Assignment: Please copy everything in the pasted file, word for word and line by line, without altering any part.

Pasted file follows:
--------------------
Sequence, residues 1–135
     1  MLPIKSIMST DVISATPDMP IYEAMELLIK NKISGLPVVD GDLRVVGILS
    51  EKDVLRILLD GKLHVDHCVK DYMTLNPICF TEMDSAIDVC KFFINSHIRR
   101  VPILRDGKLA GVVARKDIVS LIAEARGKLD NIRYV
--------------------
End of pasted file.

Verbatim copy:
Sequence, residues 1–135
     1  MLPIKSIMST DVISATPDMP IYEAMELLIK NKISGLPVVD GDLRVVGILS
    51  EKDVLRILLD GKLHVDHCVK DYMTLNPICF TEMDSAIDVC KFFINSHIRR
   101  VPILRDGKLA GVVARKDIVS LIAEARGKLD NIRYV